Secondly, we found that approximately twice as many older adults living in subsidized housing buildings self-reported experiencing food insecurity (5.1%) compared to the 2.6% prevalence of food insecurity among seniors in the 2012 Canadian Community Health Survey [10]. Although food banks exist to help in emergency situations, they often have limits on the number of times an individual can access them per year (e.g. once per month) [24]. In addition, individuals living in subsidized housing are not always able to access these support systems due to stigma associated with using food banks, feeling that personal food needs and preferences may not be met, and barriers to access such as distance to the food bank, lack of transportation, hours of operation, or lack of education about the existence of the food bank [25]. This demonstrates the need for targeted interventions to address these gaps.

Consistent with the literature, our findings demonstrate that poverty is the greatest risk factor for food insecurity [9, 10, 12]. In Canada, income is strongly associated with food insecurity [12]. As household income declines, the risk of being food insecure greatly increases [12]. This is often because housing costs utilize any money that would otherwise be allocated for food [26]. Because housing costs are often fixed monthly, food purchases are budget items that can be reduced. Secondly, we found that underweight BMI was associated with food insecurity. Having inadequate access to food logically means a lower intake of calories and thus a lower BMI.

Contrary to our hypothesis, age, sex, and living alone were not significant risk factors for poverty or food insecurity. Although older adults aged 55–64 tend to have more food insecurity compared to individuals aged 65 and above, as they are not yet eligible for age-restricted financial assistance programs (e.g. OAS, GIS) [11, 12], in this subsidized housing population, the odds of poverty and food insecurity were not significantly different across these two age categories. Similarly, senior women and seniors living alone tend to have greater prevalence of poverty and food insecurity [4, 11] but these were not significant in the current study. Therefore, the results suggest that providing housing with rent-geared-to-income acts as a financial benefit that can buffer inequities between these subpopulations; however, there is still a significant portion who are having difficulties making ends meet, experiencing food insecurity, and living with anxiety or depression.

Lastly, in those who reported being food secure, poor diet quality was observed. Food secure participants reported eating minimal fruits and vegetables per week and ate diets high in salt (25.8%) and high fat or fast foods, indicating lower nutrient intakes and consumption of fewer healthy meals. This is concerning because it has been established that poor diet is linked to developing chronic diseases, such as diabetes [27]. It may also explain why the rates of diabetes or risk of diabetes are so high in this population [15]. Although the majority of individuals self-reported not adding salt to their food, the high quantity of fast food being consumed suggests they may still have a high sodium diet. This is alarming when we consider the high rates of hypertension in this population [15] and could be a contributing factor in the development of hypertension. Modifying this health-related behaviour will be challenging in this population, already identified to have low education and low health literacy [13]. This finding also suggests that when evaluating food-related programs in low-income older adult populations (e.g. delivery of fruit and vegetable boxes), diet quality should be measured in addition to food security to understand the true impact of these interventions.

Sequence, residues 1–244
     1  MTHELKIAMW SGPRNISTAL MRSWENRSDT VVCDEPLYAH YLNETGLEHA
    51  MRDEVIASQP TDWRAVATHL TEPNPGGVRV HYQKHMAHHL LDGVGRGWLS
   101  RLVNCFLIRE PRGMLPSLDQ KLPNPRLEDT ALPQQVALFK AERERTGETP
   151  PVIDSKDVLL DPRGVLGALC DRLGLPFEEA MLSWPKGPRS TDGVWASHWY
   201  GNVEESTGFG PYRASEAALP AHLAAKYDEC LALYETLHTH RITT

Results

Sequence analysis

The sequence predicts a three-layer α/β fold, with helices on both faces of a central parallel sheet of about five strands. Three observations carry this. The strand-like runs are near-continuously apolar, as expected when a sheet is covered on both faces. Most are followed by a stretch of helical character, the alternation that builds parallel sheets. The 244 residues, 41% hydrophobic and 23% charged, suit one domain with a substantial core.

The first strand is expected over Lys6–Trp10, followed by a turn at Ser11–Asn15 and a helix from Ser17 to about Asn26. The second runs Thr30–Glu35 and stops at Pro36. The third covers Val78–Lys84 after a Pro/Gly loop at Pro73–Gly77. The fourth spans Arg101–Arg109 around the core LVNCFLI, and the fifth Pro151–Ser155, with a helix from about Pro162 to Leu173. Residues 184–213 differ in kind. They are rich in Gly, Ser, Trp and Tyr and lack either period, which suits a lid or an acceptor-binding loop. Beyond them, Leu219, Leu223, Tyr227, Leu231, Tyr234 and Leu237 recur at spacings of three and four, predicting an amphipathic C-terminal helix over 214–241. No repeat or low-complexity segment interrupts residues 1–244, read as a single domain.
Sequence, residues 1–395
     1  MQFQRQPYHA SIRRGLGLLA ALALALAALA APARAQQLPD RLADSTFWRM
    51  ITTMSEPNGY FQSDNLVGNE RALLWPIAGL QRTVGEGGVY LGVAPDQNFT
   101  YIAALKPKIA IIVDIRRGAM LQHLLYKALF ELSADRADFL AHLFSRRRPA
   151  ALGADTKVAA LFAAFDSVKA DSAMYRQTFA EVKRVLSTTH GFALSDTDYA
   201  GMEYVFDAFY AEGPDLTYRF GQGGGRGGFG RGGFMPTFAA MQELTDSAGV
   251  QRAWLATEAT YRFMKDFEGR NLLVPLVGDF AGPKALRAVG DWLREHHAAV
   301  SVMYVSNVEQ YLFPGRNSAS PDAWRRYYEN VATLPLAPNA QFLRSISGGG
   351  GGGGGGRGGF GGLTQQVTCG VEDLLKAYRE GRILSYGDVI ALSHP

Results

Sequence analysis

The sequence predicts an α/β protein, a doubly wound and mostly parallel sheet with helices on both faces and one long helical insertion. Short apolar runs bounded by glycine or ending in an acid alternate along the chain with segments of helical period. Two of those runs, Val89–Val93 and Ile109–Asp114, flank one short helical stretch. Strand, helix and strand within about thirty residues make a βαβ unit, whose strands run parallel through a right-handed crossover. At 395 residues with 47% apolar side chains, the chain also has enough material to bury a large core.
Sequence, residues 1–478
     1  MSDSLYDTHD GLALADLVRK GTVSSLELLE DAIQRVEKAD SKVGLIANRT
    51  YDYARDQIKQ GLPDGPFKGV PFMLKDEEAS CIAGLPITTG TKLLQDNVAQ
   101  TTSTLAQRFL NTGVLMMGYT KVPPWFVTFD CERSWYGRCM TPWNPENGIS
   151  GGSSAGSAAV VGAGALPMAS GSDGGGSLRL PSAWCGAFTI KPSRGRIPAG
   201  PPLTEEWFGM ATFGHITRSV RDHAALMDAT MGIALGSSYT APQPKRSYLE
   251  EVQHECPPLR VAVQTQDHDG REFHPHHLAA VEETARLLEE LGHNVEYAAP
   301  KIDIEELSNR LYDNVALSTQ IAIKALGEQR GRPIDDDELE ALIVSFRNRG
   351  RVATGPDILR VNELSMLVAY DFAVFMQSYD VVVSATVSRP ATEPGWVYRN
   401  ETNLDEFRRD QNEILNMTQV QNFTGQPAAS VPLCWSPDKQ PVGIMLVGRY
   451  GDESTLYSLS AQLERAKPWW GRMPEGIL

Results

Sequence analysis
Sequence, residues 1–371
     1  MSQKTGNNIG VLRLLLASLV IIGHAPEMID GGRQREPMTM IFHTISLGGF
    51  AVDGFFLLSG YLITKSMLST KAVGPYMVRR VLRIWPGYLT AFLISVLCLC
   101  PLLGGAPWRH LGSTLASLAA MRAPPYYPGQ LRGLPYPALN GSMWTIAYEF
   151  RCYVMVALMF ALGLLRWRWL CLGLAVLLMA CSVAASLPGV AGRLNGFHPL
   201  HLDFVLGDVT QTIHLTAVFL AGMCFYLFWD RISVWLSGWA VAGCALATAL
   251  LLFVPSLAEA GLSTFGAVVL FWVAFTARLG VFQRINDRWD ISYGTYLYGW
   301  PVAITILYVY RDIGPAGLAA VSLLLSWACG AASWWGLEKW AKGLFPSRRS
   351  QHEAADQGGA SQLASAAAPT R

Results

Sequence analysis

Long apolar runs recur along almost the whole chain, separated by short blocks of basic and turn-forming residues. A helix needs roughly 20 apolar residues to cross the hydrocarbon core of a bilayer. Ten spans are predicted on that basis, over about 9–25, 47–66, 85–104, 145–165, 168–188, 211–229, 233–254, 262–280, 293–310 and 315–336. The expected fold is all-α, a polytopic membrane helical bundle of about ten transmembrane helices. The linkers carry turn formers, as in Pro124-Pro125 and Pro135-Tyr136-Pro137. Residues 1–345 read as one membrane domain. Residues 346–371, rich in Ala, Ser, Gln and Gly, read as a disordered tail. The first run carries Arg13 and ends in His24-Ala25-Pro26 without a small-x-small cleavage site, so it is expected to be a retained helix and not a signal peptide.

We hypothesize that the poor diet observed by this population could be partly due to low health literacy, as well as physical inaccessibility to amenities near the housing. It may be possible that our sample had poor availability of grocery stores that offered healthy and affordable food. Due to Canada’s current agricultural policies, high calorie and less nutritious foods are often much cheaper to purchase compared to healthier foods like fresh fruits and vegetables [28]. In addition, “food swamps,” which are neighbourhoods that have access to foods that are high in fat and calories, have been found to exist in areas of low socioeconomic status [29]. Thus, it is not only important to have access to food, but to have access to affordable nutritious food. The nutrition implications of these findings are not fully understood, and thus future research is needed to investigate this relationship further and more in-depth.

Limitations

Firstly, due to the cross-sectional nature of the study, no causal inferences can be made about the data. For example, it is difficult to determine whether having a BMI that is underweight causes food insecurity, or whether food insecurity causes an underweight BMI. Secondly, due to social desirability, there may be self-reporting bias in our study. As both outcome variables were self-reported, it is possible that participants under-reported their experiences with poverty and/or food insecurity due to social desirability. In order to combat this limitation data collection was conducted by individuals who were unknown to the participant and not affiliated with the housing provider. Lastly, self-selection bias is likely to have occurred due to the sampling method. Advertisements were placed around the apartment buildings and residents were able to choose whether they attended the CP@clinic program, through which the current study data was collected. Thus, it is likely that the individuals more inclined to participate in the program were more mobile and healthier and may not be representative of the entire population of older adults living in subsidized housing buildings.

Conclusions